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7 Reasons That Carrier Bags are Baffling

Posted on October 12, 2010 in Posts | 1 comment

The carrier bag might seem like a rudimentary bit of kit.  Basic, functional, easy to understand.  But it isn’t.  Carrier bags are, in fact, among the most baffling things known to humankind.  And by humankind, I mean me.  Here are seven reasons why:

a bag of old carrier bags.  Screwed up.

1.  Because I Have Hands.  People in shops are endlessly, needlessly trying to force carrier bags on me.  But I don’t want one most of the time.  Often, I’m just buying one or two items.  And I don’t need a carrier bag in that circumstance.  How many hands does it take to carry a single item?  One.  How many hands does it take to carry a bag containing a single item?  One.  So I don’t need a bloody bag, do I?  It’s not difficult.  And I already have a bag; it’s that thing I’m wearing over my shoulder that looks like a bag.  But despite having both hands and bags, I am continually pestered to take the things.  And I don’t know why.

2.  Because They’re Everywhere. I always try not to take carrier bags, but despite this, my kitchen is full of the things.  And every time I go in there, there are more of them.  I don’t know how – or when – the rise of the bags began, but they are inexorably usurping our cooking space.  We started off, like everyone does, with a bag of bags, and now we have at least a bag of bag of bag of bag of bags.  Well, more than one, actually.

3.  Because I Don’t Know What To Do With The Things.  You might think this is the point where I’m going to make a few humorous and bizarre speculations on what one might do with a glut of carrier bags, but no, I’m not going to do that.  This is because I’m totally bewildered and overwhelmed by my surfeit of them.  I have no more idea of what to do with all the bags in the kitchen than I would have of what to do with a large, glittery, singing horse called Jemima in my dining room.  Less, in fact.  Or fewer?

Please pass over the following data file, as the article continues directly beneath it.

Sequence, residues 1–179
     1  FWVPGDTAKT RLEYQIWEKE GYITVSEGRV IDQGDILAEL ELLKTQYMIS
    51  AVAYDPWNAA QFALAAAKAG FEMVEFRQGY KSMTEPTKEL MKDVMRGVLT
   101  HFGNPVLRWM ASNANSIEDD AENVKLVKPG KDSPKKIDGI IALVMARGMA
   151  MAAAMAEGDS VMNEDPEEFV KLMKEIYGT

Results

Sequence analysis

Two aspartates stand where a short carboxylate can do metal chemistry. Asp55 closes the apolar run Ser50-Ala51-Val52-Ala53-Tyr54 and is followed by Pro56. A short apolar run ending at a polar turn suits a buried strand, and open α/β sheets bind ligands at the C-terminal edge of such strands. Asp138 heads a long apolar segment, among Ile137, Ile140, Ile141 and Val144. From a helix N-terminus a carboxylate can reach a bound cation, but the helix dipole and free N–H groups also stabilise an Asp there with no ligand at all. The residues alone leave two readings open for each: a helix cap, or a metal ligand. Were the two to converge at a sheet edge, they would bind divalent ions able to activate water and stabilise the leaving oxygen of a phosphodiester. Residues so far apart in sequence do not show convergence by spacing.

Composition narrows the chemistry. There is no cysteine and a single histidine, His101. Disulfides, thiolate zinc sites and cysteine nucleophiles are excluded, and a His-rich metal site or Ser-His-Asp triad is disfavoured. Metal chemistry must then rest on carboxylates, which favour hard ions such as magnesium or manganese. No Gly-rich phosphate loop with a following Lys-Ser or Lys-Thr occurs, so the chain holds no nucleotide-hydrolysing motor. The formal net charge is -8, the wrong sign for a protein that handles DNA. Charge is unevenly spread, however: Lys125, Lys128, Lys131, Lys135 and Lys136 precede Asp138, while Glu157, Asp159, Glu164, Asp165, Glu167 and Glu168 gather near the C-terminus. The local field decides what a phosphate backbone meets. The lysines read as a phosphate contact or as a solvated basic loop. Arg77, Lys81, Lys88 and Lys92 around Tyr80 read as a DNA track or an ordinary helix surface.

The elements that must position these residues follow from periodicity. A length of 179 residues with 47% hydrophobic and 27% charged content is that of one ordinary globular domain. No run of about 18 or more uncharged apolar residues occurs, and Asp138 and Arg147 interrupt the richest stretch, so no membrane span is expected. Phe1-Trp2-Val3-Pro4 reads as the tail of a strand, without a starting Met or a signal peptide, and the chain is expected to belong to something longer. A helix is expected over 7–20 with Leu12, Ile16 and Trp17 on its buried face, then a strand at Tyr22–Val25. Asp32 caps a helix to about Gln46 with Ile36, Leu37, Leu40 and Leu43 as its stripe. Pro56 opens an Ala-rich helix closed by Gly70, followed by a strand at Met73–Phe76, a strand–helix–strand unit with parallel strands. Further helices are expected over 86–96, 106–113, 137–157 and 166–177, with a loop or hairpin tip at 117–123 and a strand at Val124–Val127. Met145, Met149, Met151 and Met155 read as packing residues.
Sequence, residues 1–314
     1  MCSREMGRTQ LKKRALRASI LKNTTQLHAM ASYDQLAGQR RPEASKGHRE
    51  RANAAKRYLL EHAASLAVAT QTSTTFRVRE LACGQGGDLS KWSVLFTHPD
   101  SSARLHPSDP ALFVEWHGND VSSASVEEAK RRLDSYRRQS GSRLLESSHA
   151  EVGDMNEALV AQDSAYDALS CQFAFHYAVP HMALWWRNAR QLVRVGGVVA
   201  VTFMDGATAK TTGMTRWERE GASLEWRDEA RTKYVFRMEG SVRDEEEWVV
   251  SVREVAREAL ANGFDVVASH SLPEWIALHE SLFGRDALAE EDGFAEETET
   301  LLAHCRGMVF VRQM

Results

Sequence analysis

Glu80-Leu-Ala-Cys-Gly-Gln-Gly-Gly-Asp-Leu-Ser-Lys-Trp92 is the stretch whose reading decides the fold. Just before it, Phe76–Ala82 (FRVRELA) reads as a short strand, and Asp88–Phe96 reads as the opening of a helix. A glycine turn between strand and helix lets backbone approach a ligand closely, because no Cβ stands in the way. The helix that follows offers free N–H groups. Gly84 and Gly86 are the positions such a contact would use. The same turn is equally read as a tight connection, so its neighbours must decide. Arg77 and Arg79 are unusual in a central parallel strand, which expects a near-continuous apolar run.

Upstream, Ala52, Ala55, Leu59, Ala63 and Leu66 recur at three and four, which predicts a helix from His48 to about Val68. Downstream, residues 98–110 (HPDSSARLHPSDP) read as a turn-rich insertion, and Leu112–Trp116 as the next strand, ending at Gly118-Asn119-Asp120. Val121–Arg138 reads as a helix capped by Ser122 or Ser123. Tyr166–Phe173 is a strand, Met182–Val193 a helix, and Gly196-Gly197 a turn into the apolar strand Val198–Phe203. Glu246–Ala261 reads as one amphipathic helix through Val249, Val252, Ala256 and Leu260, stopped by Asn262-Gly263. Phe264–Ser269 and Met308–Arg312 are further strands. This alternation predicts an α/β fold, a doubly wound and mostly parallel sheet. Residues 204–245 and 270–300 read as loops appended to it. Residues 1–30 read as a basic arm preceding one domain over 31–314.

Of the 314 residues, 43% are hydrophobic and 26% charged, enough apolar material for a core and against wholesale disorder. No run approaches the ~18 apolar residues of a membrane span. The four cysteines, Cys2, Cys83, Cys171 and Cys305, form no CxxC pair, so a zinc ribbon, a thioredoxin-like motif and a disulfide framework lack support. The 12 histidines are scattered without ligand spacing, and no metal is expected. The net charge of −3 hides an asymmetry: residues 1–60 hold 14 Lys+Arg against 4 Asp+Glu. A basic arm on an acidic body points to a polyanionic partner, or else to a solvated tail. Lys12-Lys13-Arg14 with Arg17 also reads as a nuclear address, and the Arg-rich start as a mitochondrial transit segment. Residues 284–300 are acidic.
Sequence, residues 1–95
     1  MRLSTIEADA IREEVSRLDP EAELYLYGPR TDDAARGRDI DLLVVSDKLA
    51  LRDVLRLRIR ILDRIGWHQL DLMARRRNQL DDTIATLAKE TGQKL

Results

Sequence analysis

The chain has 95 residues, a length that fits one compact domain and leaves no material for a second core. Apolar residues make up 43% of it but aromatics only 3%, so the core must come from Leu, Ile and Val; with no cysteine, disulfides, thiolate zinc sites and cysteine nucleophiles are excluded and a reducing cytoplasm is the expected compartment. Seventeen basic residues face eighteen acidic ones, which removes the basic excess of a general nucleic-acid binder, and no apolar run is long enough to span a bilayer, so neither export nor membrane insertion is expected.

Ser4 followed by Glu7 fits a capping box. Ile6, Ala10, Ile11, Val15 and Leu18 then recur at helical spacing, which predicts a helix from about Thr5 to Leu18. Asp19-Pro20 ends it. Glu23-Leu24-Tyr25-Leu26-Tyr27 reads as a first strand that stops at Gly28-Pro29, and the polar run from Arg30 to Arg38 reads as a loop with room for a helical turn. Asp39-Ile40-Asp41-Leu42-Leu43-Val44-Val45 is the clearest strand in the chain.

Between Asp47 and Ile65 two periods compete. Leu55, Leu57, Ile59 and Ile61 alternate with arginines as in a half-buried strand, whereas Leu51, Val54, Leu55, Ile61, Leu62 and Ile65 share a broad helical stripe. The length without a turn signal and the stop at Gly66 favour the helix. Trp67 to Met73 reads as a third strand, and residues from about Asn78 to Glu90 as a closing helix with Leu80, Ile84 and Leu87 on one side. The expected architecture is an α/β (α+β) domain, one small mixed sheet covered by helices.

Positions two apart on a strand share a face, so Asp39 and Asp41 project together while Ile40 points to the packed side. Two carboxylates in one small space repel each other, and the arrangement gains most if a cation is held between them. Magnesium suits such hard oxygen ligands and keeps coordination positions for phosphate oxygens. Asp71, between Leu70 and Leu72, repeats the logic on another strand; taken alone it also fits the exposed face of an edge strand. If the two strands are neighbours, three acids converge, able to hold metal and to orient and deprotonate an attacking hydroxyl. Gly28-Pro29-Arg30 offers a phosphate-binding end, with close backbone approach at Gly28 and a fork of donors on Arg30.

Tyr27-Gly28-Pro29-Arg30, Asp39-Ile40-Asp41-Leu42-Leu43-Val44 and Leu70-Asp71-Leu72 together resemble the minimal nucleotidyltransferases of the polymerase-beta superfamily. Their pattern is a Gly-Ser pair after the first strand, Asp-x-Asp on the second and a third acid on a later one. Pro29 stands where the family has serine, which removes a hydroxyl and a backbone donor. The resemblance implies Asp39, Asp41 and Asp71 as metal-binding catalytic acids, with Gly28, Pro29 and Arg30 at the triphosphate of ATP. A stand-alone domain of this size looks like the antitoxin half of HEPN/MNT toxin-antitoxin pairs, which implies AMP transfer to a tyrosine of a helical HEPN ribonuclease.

4.  Because Of Chavs. It seems that the only people that have any idea of what to do with used carrier bags are chavs.  They put them over the seats of their rusty mountain bikes and tie them down to the seat-post.  All of them do this.  But I have no idea why.  It’s not to keep their bottoms dry because they never remove the bag; even after rain.  It’s a further level of bafflement.

5. Because They’re Not In The Same Condition I Left Them In. Occasionally, a rare and wondrous event occurs:  I realise that I’m going to have to carry some presents to a friend’s house, or I’m going for a walk in the countryside and there might be blackberries to pick, and I find that I will actually need a carrier bag.  And then I excitedly perform a brief, joyous dance – a bit like a jig – while singing repeatedly “I’m going to get rid of a bag, I’m going to get rid of a bag…” to the tune of A Life on the Ocean Wave.  But when I come to use them, I discover that at least 50% of the bags are torn.  But they weren’t torn when I put them into the bag of bag of bag of bag of bag of bags.  So what the hell has happened to them in the meantime?  Do they fight?

6.  Because People Lie About Them. It’s not just that they’re all over my kitchen, mocking and taunting me, and confounding my every attempt to get rid of them that I find them baffling.  It’s that people actively lie to us about the things.  Don’t use carrier bags, environmentalists tell us; it’s wasteful; a lot of resources are used up in their manufacture; they don’t grow on trees.  But this just isn’t true.  Carrier bags do grow on trees.  I’ve seen them.  Just go outside and look at any urban tree and you’ll see the carrier bags growing on it.  And we’re obviously using far fewer carrier bags than the trees are producing, because we’re not harvesting them with any regularity.  That’s why there’s still a Woolworths bag growing in a tree near my house.  Even though they went bust bloody ages ago.

7.  Because Of The Holes. We all know why there’s a hole at the top of the bag.  It’s to punish people that are stupid enough to try to put baguettes into them.  But no one knows why there are holes at the bottom.  Are they drainage holes?  Is it a government conspiracy to prevent us from moving water about easily?  Is it to prevent suffocation of animals, small children and Members of Parliament?  Is it to stop me from inflating the things and then bursting them (with hilarious consequences)?  Is it just to confuse us?  Well, if it is, it’s working.

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1 Comment

  1. I love what i just read, however have you considered that the bags are biogedradable and that is why they tear in the cupboard? And that is why environmentalists continue to push them on you? Just throw them away :)

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